Mr. KING asked whether the right hon. Gentleman is aware that copies of Lord Shaw of Dunfermline’s judgment in the case of A. Zadig were seized and taken away during the police raid on the premises of the National Council for Civil Liberties on 21st November; and whether it is proposed to make it impossible to reprint and circulate judgements given in the Courts when those judgements are against the Government?

Mr. OUTHWAITE asked (1) whether he is aware that in a raid recently effected on a private house at Redhill a number of leaflets advocating taxation of land values, and without any reference to the War, were taken away and have not been returned; whether it is the intention to suppress all advocacy of a method of taxation which could raise vast sums for national purposes and enable those who have fought for their country to have access to it; (2) whether his attention has been called to the fact that, on the occasion of the raid on the offices of the ” Women’s Crusade,” an officer seized copies of a service of prayer because he saw the word peace in one of the prayers; and can he state whether any further steps have been taken in the matter of this document?

Sir G. CAVE The large quantity of documents seized on the occasion of these raids may have included some not connected with enemy propaganda. These will be sorted out and returned to their owners as quickly as possible.

Mr. KING Is the right hon.Gentleman aware that “A Reasonable Man’s Peace” has already been passed by the Censor, and will he immediately have this leaflet returned?

Sir G. CAVE I am not aware that it has been passed by the Censor.

Mr. KING Will the right hon.Gentleman make inquiries, because I have seen the Censor’s signed copy?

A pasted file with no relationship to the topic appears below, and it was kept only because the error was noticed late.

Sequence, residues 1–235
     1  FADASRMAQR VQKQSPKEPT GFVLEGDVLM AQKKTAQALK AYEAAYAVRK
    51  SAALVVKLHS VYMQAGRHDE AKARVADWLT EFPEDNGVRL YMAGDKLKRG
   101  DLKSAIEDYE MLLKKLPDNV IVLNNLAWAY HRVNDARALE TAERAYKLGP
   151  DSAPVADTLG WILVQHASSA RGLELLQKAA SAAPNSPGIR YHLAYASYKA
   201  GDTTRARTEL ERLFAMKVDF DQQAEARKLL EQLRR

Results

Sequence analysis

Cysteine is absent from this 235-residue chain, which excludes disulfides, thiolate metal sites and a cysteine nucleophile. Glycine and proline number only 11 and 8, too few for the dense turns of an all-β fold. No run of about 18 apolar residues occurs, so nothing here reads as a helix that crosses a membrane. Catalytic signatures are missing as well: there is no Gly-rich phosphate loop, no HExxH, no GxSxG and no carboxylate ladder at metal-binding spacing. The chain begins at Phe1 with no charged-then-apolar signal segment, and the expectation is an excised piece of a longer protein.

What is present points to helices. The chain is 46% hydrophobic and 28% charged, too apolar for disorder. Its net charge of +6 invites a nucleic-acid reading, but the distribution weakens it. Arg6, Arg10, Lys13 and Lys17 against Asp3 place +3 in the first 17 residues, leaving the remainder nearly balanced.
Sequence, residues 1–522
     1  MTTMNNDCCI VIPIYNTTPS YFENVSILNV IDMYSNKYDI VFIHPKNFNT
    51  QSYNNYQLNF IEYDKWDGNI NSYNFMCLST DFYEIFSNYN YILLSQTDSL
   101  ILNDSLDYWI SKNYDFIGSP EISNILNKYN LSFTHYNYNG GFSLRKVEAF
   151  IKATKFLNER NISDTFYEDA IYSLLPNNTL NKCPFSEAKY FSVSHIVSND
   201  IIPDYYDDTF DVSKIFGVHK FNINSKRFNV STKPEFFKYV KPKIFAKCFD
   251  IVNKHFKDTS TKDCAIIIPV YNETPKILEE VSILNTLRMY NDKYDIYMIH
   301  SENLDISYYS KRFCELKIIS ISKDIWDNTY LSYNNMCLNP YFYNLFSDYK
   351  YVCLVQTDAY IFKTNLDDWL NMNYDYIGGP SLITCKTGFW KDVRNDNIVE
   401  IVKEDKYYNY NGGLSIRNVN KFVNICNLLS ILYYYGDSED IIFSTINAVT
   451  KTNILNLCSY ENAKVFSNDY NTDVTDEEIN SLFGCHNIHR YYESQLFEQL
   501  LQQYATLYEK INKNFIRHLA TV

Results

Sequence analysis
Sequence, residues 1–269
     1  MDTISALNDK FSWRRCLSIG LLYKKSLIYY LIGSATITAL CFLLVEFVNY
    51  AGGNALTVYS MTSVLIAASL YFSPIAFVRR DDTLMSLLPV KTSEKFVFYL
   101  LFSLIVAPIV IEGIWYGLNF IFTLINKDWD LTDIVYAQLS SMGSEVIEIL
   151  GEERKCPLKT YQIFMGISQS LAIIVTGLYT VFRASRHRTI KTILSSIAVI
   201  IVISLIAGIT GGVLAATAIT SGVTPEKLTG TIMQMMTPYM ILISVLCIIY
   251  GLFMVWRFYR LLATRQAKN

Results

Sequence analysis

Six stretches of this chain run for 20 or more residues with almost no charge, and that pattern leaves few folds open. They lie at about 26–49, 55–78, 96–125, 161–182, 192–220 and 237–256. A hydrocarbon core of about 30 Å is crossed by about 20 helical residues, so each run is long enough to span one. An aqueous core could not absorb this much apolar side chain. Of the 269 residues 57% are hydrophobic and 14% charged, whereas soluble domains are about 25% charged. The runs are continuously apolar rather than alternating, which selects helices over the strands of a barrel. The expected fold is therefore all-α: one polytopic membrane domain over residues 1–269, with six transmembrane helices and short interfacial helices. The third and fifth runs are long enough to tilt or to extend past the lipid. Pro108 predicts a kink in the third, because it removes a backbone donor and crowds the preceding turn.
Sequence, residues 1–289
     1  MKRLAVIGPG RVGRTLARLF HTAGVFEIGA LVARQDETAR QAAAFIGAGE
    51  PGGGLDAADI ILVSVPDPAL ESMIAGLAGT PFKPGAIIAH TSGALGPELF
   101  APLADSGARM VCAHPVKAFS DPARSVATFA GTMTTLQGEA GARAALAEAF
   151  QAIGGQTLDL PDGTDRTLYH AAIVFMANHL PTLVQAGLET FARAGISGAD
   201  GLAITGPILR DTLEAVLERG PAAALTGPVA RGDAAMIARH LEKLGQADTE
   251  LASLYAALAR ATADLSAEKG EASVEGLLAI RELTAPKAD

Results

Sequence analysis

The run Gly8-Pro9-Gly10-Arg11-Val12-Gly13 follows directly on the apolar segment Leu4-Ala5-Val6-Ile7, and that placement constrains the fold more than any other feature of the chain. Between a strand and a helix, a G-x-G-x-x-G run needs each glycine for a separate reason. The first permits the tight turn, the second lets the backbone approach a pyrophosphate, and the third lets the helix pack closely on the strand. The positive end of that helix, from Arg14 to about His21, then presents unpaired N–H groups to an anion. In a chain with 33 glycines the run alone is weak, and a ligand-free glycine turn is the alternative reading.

Mr. OUTHWAITE In view of the seizure of the service of prayer referred to in question 74, is he aware that the attention of the police authorities was drawn to the fact that it was a supplication for peace in the service of prayer addressed to this House, and will any action be taken?

Sir G. CAVE No, Sir; I believe there was a leaflet containing a prayer and other matters.

Mr. OUTHWAITE Will the right hon. Gentleman make further inquiries as to whether, When this document was seized, it was pointed out to the officer that it was a service of prayer, and that he was not going to take it until he saw the word peace mentioned in it?

Mr. OUTHWAITE asked the Home Secretary whether, on the occasion of the recent police raids in search of seditious literature, the offices of an organisation at 146, Queen Victoria Street, E.C., were visited; and, if so, can he state with what result?

Sir G. CAVE No, Sir.

Mr. OUTHWAITE In view of the fact that in these recent raids religious literature has been seized in other offices, why has immunity been granted as regards this office, which is the headquarters of the British and Foreign Bible Society?

Mr. OUTHWAITE asked the Home Secretary whether a pamphlet or leaflet which consists solely of biblical quotations in support of peace and denouncing the methods of war has to be submitted to the Censor before publication?

Sir G. CAVE This question is purely hypothetical, and I do not think I should give a reply to it until I see a leaflet which is of the character described.

Mr. OUTHWAITE In such a case of the leaflet being submitted to the Censor, how is the Regulation about the name and present address of the author being attached to be complied with—for instance, in the case of the Sermon on the Mount?

Sir G. CAVE The person who puts a leaflet together is to be regarded as the author.

Note: In 1917 Sir George Cave, Conservative member for Kingston, was Home Secretary in Lloyd George’s coalition government. Richard Lambert was MP for Cricklade. He was a pacifist during the War. In 1918 he joined the Labour Party. Robert Outhwaite was Liberal MP for Hanley.